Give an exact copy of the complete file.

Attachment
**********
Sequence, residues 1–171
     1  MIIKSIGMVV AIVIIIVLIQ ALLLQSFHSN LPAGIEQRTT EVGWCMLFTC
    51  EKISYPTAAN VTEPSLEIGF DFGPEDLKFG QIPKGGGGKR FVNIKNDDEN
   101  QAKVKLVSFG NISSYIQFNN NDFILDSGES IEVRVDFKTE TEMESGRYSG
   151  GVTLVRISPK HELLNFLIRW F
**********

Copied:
Sequence, residues 1–171
     1  MIIKSIGMVV AIVIIIVLIQ ALLLQSFHSN LPAGIEQRTT EVGWCMLFTC
    51  EKISYPTAAN VTEPSLEIGF DFGPEDLKFG QIPKGGGGKR FVNIKNDDEN
   101  QAKVKLVSFG NISSYIQFNN NDFILDSGES IEVRVDFKTE TEMESGRYSG
   151  GVTLVRISPK HELLNFLIRW F